In Good Faith: Routine MattersPosted: September 5, 2013
That giant sucking sound you hear is the post-Labor Day return back to the normal routine. Not only is it loud and annoying, the transition itself can be quite jarring. In my latest In Good Faith column, I write about that which we both crave and fear: routine.
A Youtube video of a mom doing the “happy dance” after putting her children on the bus for the first day of school went viral this week. The school bus pulls up, the kids hop on, N’SYNC’s “Bye, Bye, Bye” is cued up, and the Framingham mother starts dancing wildly on the curb.
I think it resonates because it captures the swirl of emotions this time of year — overjoyed, wistful, excited, anxious. Sure, this mom may have gone back into her house and poured herself an Irish coffee to celebrate her renewed freedom but we can laugh at her exuberance because that’s likely not what happened. She probably took a moment to reflect on the fleeting nature of childhood and the joys of unscheduled time with her family over the summer. And then poured herself that drink.
Whether you found yourself weeping, leaping for joy, or experiencing a combination of emotions, we tend to have mixed feelings about the return of the fall routine. So long mid-afternoon margaritas, hello late-afternoon homework harangue. Good bye beach umbrellas, hello alarm clocks.
There’s just something in the air that changes the whole tenor of our being once the calendar flips to September and it can be a jarring transition. Whether or not you have school-aged children at home, no one is immune to the post-Labor Day metamorphosis from lazy to crazy.
The reality is that we both fear and crave routine. At one level it pushes against our innate Jack Kerouac-esque wanderlust. If we’re tied to the routine of our daily lives and responsibilities, how can we go on that spur of the moment road trip to Atlantic City? Then again, how would we explain said trip to our boss, spouse, children, et al?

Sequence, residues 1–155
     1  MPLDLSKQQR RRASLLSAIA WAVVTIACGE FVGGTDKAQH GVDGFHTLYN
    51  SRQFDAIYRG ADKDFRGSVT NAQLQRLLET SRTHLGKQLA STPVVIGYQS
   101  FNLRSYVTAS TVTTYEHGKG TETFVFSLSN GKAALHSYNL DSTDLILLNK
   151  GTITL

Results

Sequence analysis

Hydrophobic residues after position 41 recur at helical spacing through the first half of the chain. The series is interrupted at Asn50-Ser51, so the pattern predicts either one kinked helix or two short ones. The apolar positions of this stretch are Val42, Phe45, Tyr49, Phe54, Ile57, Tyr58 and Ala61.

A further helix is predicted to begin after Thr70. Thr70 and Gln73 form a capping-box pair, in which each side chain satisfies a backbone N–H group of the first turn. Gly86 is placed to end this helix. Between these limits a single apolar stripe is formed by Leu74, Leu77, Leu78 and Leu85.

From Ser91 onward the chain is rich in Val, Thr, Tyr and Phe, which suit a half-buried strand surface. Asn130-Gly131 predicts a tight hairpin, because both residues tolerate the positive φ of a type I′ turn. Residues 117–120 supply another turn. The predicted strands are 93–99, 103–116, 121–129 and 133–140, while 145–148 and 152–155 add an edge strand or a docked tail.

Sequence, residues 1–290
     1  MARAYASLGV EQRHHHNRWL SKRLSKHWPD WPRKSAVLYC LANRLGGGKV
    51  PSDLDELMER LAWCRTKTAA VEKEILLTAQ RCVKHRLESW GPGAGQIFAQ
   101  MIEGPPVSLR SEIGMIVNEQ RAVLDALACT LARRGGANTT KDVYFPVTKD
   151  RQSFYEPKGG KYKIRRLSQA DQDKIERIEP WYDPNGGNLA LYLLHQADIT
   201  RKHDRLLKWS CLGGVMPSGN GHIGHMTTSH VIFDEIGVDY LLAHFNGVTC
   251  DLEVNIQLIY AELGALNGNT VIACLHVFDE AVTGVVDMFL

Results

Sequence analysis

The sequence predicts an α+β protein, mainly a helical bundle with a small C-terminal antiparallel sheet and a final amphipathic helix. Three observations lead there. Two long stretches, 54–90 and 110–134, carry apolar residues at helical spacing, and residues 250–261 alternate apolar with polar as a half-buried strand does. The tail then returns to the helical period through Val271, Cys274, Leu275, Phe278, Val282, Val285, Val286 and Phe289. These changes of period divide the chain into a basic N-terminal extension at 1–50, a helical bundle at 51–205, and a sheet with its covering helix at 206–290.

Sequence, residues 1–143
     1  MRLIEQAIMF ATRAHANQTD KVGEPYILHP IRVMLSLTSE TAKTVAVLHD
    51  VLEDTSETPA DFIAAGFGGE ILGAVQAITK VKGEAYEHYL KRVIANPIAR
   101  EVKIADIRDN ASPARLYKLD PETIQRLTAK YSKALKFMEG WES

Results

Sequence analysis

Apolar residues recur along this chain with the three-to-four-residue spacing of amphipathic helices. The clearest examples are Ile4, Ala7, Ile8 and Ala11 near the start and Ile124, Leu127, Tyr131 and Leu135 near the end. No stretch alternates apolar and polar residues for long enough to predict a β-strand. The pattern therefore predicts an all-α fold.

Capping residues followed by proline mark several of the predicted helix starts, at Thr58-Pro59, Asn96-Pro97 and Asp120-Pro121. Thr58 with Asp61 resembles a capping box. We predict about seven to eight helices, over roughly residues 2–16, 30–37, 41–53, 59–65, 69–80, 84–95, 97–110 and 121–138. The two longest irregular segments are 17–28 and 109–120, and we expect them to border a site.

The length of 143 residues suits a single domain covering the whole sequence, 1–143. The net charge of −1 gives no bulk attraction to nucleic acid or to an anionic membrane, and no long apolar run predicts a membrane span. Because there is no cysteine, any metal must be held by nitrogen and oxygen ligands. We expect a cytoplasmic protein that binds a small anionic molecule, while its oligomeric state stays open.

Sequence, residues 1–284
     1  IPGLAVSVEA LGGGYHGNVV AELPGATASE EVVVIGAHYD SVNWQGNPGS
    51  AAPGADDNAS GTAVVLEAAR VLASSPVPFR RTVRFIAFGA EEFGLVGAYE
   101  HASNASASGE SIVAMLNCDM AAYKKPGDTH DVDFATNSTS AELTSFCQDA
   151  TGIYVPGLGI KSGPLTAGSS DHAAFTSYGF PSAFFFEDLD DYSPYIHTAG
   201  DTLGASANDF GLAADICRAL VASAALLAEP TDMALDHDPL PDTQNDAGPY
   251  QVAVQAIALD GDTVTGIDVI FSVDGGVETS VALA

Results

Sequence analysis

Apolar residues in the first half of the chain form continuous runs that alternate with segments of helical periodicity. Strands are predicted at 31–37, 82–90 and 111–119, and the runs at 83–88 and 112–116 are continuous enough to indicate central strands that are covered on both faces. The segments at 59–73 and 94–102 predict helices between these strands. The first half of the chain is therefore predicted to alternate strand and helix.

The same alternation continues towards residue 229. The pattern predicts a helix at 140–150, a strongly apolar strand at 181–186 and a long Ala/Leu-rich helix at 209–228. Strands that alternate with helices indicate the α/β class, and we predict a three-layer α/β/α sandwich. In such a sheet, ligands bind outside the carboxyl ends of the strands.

Yet, routine orders the chaos of life and provides comfort in the midst of that which we cannot control. And there is a lot we can’t control in life.
This is the reason so many are drawn to faiths that embrace the liturgical tradition. There is comfort in the routine of worship that speaks to the soul. While there are seasonal and musical changes and different messages depending on the sacred readings, the structure of the service itself doesn’t vary from week to week. Parishioners know what’s coming; there’s a liturgical arc to everything that happens. While some find this “boring” or “rote,” those who embrace the liturgical tradition find that the divine experience transcends words and meets worshippers in the familiarity of the liturgy.
Many congregations hold post-Labor Day services titled “Back to Church” Sunday or “Homecoming Sunday.” Some even call it “Rally Sunday,” which to me always sounds like a demolition derby will be involved. Here at St. John’s in Hingham, we do something similar on the weekend after Labor Day — the choir returns, Church School kicks off, we have a barbecue after church, and our Saturday 5:00 pm service starts up again that weekend. It’s all a recognition that many of us have gotten out of the routine and are seeking to get back into it.
Of course when it comes to the tension between freedom and routine, the proverbial grass is always greener. In the midst of routine we seek freedom and in the midst of freedom we crave routine. When we’re mired in the rut of being over-scheduled we want to toss our iPhone into Hingham Harbor and fly to “St. Somewhere.” Yet when the hot, humid days of late August start piling up, we dream about having a plan on a crisp fall day.
The solution is to enjoy each moment as it comes without looking ahead or behind. Living in the present is an ongoing spiritual challenge but it’s one that we can engage right here right now. So jump on in! It’s time.